You might have gotten into science for the love of knowledge, but then you got a taste of the power.
You no longer see yourself as a geeky scientist poring over data in a musty lab. You are dictating government policy and changing the face of industry around the world. Your research is raising taxes and shutting down industries around the world. Thanks to you the landscape is increasingly dotted with windmills.
You have discovered that if you tell everyone that it’s scientific fact they line up to follow your lead.
You didn’t get into science to change the world, but once you feel the power coursing up your spine you are not going to give it up without a fight.
You don’t even have to be a scientist. One disgruntled former presidential candidate, Al Gore, discovered that he could amass a fortune and could influence government policy around the world… merely by selling the idea of global warming.
And you thought that he was just another “crazed sex poodle.”
One suspects that many global warmists are playing Faust by ginning up climate hysteria. One has the right to be skeptical of their prophecies.
Keep in mind, predictions about what the climate will look like a century from now are not science. They are prophecy. To be more charitable they are hypotheses.
The last time a respected international organization offered its predictions for the earth’s climate was 2007. Then, the Intergovernmental Panel on Climate Change (IPCC) issued an alarmist report that was taken by many to be settled science.
The IPCC was sponsored by the United Nations and for many people that gave it credibility. For me, not so much.
Since then, many scientists have studied these questions. If Al Gore and his ilk really cared about science, they would not have found comfort in the results. Matt Ridley explained in the Wall Street Journal:
Since the last IPCC report in 2007, much has changed. It is now more than 15 years since global average temperature rose significantly. Indeed, the IPCC chairman Rajendra Pachauri has conceded that the "pause" already may have lasted for 17 years, depending on which data set you look at. A recent study in Nature Climate Change by Francis Zwiers and colleagues of the University of Victoria, British Columbia, found that models have overestimated warming by 100% over the past 20 years.
Take a deep breath. The models have “overestimate warming by 100%....” How bad does it have to get before you start to doubt the “settled science” that is being used to change our world.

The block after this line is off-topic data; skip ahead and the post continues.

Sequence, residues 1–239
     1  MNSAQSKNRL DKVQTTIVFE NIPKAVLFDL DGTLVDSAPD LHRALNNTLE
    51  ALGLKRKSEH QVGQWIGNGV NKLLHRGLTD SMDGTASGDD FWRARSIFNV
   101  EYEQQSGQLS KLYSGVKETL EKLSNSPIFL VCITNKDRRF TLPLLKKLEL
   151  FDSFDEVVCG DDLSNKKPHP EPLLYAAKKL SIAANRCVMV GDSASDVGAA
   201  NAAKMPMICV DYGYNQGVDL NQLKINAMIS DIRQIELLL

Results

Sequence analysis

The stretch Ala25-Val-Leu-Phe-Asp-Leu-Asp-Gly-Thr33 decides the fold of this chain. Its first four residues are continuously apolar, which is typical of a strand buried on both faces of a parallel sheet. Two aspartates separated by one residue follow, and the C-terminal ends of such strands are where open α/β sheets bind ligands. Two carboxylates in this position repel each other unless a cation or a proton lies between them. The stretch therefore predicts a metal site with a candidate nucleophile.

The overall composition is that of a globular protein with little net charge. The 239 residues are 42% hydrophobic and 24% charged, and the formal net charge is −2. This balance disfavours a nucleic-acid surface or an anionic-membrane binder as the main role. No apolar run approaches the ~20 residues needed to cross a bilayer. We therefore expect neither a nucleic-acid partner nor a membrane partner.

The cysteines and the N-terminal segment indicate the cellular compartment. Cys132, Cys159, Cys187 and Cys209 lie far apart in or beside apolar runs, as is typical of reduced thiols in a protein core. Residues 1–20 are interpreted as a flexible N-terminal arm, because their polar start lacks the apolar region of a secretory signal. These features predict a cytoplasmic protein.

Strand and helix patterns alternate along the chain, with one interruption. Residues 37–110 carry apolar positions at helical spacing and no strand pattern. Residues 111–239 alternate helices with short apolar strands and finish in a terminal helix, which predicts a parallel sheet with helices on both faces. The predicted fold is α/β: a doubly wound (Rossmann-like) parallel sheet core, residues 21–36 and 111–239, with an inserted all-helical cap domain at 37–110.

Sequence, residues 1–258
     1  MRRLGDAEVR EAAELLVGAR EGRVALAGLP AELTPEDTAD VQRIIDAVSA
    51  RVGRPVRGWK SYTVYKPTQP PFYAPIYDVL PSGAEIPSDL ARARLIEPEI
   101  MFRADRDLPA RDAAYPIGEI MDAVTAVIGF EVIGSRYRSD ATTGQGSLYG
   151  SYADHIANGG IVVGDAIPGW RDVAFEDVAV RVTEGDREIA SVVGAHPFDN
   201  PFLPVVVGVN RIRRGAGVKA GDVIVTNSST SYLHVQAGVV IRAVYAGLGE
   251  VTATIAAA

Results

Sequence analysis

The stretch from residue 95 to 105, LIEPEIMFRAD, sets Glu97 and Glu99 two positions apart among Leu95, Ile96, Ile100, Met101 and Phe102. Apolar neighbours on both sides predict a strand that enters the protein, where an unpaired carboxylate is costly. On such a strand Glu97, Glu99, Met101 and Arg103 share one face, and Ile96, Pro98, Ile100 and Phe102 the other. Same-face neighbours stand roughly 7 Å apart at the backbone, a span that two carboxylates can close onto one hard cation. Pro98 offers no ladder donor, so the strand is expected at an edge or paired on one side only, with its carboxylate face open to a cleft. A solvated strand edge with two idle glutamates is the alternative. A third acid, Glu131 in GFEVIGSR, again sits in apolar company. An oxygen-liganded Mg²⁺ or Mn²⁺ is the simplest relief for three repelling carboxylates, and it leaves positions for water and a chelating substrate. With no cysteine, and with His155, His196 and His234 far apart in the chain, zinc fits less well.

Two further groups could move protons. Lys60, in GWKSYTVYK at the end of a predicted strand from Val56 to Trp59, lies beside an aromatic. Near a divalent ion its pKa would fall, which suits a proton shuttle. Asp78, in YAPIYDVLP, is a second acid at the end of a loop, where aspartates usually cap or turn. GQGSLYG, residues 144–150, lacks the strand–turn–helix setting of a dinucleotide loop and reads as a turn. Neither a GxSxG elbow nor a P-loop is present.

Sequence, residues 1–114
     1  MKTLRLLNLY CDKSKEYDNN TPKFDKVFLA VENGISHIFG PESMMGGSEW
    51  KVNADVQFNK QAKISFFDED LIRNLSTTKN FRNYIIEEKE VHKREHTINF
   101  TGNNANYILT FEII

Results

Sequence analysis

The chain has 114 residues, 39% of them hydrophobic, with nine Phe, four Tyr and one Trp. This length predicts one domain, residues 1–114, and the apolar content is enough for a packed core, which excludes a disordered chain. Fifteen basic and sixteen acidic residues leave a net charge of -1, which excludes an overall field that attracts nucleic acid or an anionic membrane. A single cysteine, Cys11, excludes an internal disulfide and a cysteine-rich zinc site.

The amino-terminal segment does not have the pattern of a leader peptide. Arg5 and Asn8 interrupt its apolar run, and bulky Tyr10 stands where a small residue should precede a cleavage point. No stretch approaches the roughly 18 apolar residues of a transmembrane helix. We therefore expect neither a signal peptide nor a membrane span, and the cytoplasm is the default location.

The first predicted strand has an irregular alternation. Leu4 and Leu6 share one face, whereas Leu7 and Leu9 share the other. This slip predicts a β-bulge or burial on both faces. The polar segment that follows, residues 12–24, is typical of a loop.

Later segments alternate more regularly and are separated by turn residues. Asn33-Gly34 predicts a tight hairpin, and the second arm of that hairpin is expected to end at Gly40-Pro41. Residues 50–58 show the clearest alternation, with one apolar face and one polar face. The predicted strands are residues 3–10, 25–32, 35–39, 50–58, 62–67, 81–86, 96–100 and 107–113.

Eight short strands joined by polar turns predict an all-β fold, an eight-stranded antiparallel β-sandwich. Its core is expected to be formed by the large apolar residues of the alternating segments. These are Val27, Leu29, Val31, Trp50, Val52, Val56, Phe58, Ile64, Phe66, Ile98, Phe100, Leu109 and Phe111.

Two weeks from now the same IPCC will issue a new report in which it will admit that its 2007 predictions were wrong. It exaggerated the effect that carbon emissions would have on the environment.
Ridley has seen an early summary of the report. He explained:
The big news is that, for the first time since these reports started coming out in 1990, the new one dials back the alarm. It states that the temperature rise we can expect as a result of man-made emissions of carbon dioxide is lower than the IPPC thought in 2007.
Admittedly, the change is small, and because of changing definitions, it is not easy to compare the two reports, but retreat it is. It is significant because it points to the very real possibility that, over the next several generations, the overall effect of climate change will be positive for humankind and the planet.
Specifically, the draft report says that "equilibrium climate sensitivity" (ECS)—eventual warming induced by a doubling of carbon dioxide in the atmosphere, which takes hundreds of years to occur—is "extremely likely" to be above 1 degree Celsius (1.8 degrees Fahrenheit), "likely" to be above 1.5 degrees Celsius (2.4 degrees Fahrenheit) and "very likely" to be below 6 degrees Celsius (10.8 Fahrenheit). In 2007, the IPPC said it was "likely" to be above 2 degrees Celsius and "very likely" to be above 1.5 degrees, with no upper limit. Since "extremely" and "very" have specific and different statistical meanings here, comparison is difficult.
A more immediately relevant measure of likely warming has also come down: "transient climate response" (TCR)—the actual temperature change expected from a doubling of carbon dioxide about 70 years from now, without the delayed effects that come in the next century. The new report will say that this change is "likely" to be 1 to 2.5 degrees Celsius and "extremely unlikely" to be greater than 3 degrees. This again is lower than when last estimated in 2007 ("very likely" warming of 1 to 3 degrees Celsius, based on models, or 1 to 3.5 degrees, based on observational studies).
Most experts believe that warming of less than 2 degrees Celsius from preindustrial levels will result in no net economic and ecological damage. Therefore, the new report is effectively saying (based on the middle of the range of the IPCC's emissions scenarios) that there is a better than 50-50 chance that by 2083, the benefits of climate change will still outweigh the harm.
Worse yet, for the climate change hysterics, it turns out that moderate levels of global warming can be beneficial:
Warming of up to 1.2 degrees Celsius over the next 70 years (0.8 degrees have already occurred), most of which is predicted to happen in cold areas in winter and at night, would extend the range of farming further north, improve crop yields, slightly increase rainfall (especially in arid areas), enhance forest growth and cut winter deaths (which far exceed summer deaths in most places). Increased carbon dioxide levels also have caused and will continue to cause an increase in the growth rates of crops and the greening of the Earth—because plants grow faster and need less water when carbon dioxide concentrations are higher.
For another, extensive report on the IPCC study, here’s a link to an article in your and my favorite tabloid, the Daily Mail.